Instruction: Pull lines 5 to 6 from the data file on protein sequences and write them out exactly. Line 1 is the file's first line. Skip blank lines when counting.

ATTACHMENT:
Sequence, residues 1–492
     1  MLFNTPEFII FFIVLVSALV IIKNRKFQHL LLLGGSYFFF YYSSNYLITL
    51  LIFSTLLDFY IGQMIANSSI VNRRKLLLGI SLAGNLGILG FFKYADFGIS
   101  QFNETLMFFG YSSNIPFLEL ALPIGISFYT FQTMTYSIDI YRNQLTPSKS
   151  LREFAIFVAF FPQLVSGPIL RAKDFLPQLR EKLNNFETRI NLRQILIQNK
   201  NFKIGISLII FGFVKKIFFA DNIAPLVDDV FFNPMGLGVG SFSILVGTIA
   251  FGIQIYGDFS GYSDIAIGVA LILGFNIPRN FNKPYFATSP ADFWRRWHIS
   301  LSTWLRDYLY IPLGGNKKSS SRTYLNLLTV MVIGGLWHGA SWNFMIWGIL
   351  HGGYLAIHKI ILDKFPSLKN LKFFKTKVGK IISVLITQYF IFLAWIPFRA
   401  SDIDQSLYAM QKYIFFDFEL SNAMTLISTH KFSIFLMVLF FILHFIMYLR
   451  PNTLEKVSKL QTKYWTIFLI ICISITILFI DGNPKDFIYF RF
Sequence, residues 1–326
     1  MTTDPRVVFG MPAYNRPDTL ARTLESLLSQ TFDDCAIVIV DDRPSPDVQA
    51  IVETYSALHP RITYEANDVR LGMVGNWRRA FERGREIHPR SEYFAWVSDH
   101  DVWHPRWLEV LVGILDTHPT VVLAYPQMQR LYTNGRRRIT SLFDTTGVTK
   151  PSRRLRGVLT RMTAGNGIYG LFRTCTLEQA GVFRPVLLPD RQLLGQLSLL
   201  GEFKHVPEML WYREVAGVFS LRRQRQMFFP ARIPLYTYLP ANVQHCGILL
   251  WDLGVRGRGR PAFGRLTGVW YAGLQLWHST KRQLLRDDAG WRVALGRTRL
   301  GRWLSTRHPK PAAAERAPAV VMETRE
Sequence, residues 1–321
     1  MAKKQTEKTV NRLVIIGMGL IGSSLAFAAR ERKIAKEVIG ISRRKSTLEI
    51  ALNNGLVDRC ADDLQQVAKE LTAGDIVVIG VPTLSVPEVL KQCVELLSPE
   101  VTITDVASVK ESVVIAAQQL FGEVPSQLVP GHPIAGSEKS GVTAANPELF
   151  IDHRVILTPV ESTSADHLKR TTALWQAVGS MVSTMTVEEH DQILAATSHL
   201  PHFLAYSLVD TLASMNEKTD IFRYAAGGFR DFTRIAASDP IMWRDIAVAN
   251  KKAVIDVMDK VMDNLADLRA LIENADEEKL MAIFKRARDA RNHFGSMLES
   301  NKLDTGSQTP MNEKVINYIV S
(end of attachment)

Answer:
   151  LREFAIFVAF FPQLVSGPIL RAKDFLPQLR EKLNNFETRI NLRQILIQNK
   201  NFKIGISLII FGFVKKIFFA DNIAPLVDDV FFNPMGLGVG SFSILVGTIA